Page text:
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10 Tips On How To Buy Tabletop Games with High Replay Value

Value in Versatility

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During the pandemic, I had people ask me for advice on what games had enough flexibility that it was worth both the cost and storage (I routinely have to remind myself that less geeky people value space for things other than collectibles and games).

That’s when it hit me that some games actually do hold more perceived value to them when you take into consideration that one single game may actually be able to handle different groups, settings, and situations better than others. Let’s take a look at what those games actually do differently and 10 Tips On How To Buy Tabletop Games with High Replay Value.

1) Different Things For Different People

As someone who thoroughly enjoys tabletop games ( to the point where I may make it onto an episode of Hoarders), I don’t necessarily need to feel that a game in my collection has a lot of versatility to hold onto it. If a game only does one single thing right then that’s more than enough value for me.

That said, many people don’t want, or can’t have, boxes piling up just in the hopes of that rare time when a specific group of people or particular situation presents itself to make that the perfect game, at that moment. Are we experiencing tabletop games all wrong? With how expensive this hobby lifestyle can get, allow me to propose How To Buy Tabletop Games with High Replay Value into your tabletop collection.

2) Difficulty Scaling

To me, ‘Difficulty Scaling’ is one of the more important aspects of value within a game.

Technically any game can have difficulty scaling when you start getting into house rules, however, for many beginners or even many purists, sticking to the rules that were set in place by the designers makes for less arguing or feeling like they didn’t actually earn the win. To deal with this, many tabletop games now come with options built into them that can shake up the difficulty to help scale to the audience that’s playing it.

For example, a game my family loves playing together is Ghostbusters: Protect the Barrier (which is based on Mattel’s award-winning game Ghost Fightin’ Treasure Hunters). Right now, because my kids are young, we play just the basic version of the game. Nonetheless, as the kids grow and can handle more strategy, the game allows you to add more cards to the deck which adds more mechanics with difficulty. If that starts to stale, you can even add the roaming Rowan ghost into the game which makes things even more difficult.

This approach helps to not only make Ghostbusters: Protect the Barrier fall into anywhere from family-friendly to much more challenging, but it also adds to helping the game feel different depending on how you choose to play. This transitions perfectly into my next point.

3) Gameplay Variability

Gameplay is important to the replay value a game brings to your collection. I know, I know,  it seems almost like that statement belongs in a Hotels.com Captain Obvious commercial but hear me out.

If a game isn’t any fun then you will get rid of it. ( Unless of course, you’re a collector and the game itself holds some sort of other value to you  – nostalgia is a heck of a drug.)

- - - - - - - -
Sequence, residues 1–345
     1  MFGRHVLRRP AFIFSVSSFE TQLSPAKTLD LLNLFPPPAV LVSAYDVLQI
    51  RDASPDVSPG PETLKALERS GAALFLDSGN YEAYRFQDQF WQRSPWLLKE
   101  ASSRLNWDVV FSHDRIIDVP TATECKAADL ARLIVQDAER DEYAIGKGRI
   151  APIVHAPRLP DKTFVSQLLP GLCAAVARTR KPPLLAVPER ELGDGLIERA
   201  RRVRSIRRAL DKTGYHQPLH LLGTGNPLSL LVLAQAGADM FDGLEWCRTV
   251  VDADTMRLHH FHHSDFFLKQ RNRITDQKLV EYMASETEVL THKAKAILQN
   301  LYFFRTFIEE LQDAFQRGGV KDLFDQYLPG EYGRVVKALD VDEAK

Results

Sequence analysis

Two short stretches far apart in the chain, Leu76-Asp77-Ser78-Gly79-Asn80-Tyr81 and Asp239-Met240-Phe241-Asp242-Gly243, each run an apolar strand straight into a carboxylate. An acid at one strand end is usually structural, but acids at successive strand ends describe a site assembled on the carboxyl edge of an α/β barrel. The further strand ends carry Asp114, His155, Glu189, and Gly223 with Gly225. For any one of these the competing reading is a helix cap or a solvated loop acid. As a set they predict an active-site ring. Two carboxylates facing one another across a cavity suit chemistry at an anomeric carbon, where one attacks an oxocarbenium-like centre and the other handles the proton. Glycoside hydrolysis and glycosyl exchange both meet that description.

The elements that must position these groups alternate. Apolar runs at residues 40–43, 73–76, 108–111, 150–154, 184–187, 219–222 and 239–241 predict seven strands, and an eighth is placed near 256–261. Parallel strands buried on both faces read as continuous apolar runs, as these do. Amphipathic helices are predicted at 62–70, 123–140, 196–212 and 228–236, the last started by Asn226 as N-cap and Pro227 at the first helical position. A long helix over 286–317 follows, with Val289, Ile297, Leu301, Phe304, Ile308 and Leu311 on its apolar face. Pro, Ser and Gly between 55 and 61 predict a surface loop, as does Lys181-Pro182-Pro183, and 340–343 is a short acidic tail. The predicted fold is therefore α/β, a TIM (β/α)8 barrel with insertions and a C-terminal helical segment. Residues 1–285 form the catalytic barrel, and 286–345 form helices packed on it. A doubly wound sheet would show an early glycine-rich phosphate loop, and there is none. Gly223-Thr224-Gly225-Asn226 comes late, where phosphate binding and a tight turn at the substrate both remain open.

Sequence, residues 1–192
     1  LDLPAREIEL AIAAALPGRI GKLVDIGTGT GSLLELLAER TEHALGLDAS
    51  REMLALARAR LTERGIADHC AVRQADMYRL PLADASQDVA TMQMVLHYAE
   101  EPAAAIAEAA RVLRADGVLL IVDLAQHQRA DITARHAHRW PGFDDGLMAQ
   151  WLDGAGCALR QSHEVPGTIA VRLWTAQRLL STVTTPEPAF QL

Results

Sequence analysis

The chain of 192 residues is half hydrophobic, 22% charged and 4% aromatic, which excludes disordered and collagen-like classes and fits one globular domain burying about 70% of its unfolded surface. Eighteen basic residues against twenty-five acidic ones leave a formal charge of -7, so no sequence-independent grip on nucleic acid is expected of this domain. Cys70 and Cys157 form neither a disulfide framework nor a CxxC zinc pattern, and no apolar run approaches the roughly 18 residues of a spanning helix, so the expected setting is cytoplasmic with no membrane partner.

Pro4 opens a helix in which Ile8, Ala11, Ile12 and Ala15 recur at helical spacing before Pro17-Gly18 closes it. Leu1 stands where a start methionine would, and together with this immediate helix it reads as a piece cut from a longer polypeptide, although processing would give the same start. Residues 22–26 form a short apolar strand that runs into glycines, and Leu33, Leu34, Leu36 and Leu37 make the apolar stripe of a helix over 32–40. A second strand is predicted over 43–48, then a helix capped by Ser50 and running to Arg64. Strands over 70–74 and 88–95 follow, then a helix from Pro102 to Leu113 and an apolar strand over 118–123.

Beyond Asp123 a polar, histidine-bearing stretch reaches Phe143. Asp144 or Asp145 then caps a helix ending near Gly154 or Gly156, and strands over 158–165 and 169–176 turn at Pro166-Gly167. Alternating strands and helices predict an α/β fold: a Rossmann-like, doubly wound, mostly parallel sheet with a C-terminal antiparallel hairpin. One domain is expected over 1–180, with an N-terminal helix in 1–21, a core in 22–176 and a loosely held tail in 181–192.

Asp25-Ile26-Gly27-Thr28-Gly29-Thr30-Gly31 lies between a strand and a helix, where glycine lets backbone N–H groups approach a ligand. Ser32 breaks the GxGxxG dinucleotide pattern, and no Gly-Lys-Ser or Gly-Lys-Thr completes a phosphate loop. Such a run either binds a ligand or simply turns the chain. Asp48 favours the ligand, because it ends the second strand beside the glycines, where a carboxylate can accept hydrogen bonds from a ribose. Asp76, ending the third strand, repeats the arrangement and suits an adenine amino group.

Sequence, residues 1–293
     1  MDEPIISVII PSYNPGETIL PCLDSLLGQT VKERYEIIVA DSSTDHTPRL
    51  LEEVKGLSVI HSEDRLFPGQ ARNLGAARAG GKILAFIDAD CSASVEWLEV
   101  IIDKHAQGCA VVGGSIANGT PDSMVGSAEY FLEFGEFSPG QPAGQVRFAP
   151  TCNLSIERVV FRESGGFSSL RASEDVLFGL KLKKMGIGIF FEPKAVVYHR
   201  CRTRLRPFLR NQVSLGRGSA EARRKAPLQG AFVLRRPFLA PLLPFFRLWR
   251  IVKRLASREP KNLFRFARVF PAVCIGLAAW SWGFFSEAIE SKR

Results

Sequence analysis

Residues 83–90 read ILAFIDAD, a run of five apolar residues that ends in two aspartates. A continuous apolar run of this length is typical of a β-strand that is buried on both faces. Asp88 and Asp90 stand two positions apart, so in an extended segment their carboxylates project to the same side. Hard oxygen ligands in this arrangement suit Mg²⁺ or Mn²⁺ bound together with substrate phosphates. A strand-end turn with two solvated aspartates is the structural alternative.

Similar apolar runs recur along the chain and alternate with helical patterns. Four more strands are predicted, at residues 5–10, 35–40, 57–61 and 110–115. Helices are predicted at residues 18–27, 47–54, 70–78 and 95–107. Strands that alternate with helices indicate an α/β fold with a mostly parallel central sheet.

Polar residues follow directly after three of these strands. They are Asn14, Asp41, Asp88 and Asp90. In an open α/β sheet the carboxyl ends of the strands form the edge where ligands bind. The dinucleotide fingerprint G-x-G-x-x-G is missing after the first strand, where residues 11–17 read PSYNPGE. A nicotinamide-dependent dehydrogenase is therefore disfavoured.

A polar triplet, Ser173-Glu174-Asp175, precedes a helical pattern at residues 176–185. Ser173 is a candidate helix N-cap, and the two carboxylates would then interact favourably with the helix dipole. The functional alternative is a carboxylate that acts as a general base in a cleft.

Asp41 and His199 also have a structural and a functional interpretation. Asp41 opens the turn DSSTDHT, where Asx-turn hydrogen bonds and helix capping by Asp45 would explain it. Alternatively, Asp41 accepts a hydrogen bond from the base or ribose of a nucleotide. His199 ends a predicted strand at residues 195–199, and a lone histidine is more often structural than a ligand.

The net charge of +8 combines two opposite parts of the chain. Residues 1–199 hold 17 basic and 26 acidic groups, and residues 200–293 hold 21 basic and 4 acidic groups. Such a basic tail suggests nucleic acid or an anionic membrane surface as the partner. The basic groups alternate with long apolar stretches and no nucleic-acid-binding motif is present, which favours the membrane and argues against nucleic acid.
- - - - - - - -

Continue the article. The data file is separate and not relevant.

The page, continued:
One question you may want to ask yourself is, “Do I have a choice on how the game plays each time?” If you answer “no” then this means that most likely that game is going to feel the same every time you play it. Roll dice, move meeple, read the outcome, rinse and repeat.

4) Hero & Villain Choices

So what type of variability mechanics are you looking for to change up the gameplay? Well, the world of tabletop games has come a long way since the only difference was who’s going to be green or who’s going to be the racecar.

One major component is whether you have a choice on who you can play as and if so, do the different options present different strengths, weaknesses, and gameplay so that they feel unique from the other options? In a game like CMON’s and Spin Master’s ‘Marvel United’, the game plays differently depending on who the heroes are, due to their advantages and disadvantages, but what really shakes things up is the villains because each one comes with different rules and ways to play.

No longer does the whole table have to go after grandma and make her the bad guy because she was the only one playing to bankrupt everyone.  Now games pack in a variety of who you can play against with each villain bringing with them different rules or ways to play.

For example, Ravensburger’s ‘Horrified: Universal Monsters’ is a game that does a scary good job in this department. It includes seven different iconic monsters from Universal’s classic flicks like Dracula and Frankenstein. The game is made so that you can play against just one of them or, if feeling bold enough, many of them. Not only will that change how the game plays, but each monster has its own mini-game and rules to defeat them.

5) Play Multiple Characters at the Same Time

Many modern-day games offer players the option to play multiple characters at once.

In a game like Fantasy Flight Games ‘Mansions of Madness,’ it’s almost encouraged that four-game characters play at once. So if that’s two people playing as two characters each or one person playing as two characters in a 3-player game, then that will definitely make playing feel different each time.

6) In-Game Mechanics Variety